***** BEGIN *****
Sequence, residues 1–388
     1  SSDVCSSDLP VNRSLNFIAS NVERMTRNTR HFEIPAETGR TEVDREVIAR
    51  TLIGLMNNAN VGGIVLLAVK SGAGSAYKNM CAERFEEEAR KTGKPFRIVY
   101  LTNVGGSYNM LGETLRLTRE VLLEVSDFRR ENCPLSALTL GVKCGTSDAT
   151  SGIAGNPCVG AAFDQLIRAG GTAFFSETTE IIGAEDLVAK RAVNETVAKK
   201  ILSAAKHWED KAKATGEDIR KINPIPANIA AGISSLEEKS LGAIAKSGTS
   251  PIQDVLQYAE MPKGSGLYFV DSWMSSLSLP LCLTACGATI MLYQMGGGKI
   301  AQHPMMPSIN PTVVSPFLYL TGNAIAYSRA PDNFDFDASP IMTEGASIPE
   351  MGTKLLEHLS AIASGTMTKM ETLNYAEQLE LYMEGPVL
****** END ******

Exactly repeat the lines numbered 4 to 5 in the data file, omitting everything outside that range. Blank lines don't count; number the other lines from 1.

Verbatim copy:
   101  LTNVGGSYNM LGETLRLTRE VLLEVSDFRR ENCPLSALTL GVKCGTSDAT
   151  SGIAGNPCVG AAFDQLIRAG GTAFFSETTE IIGAEDLVAK RAVNETVAKK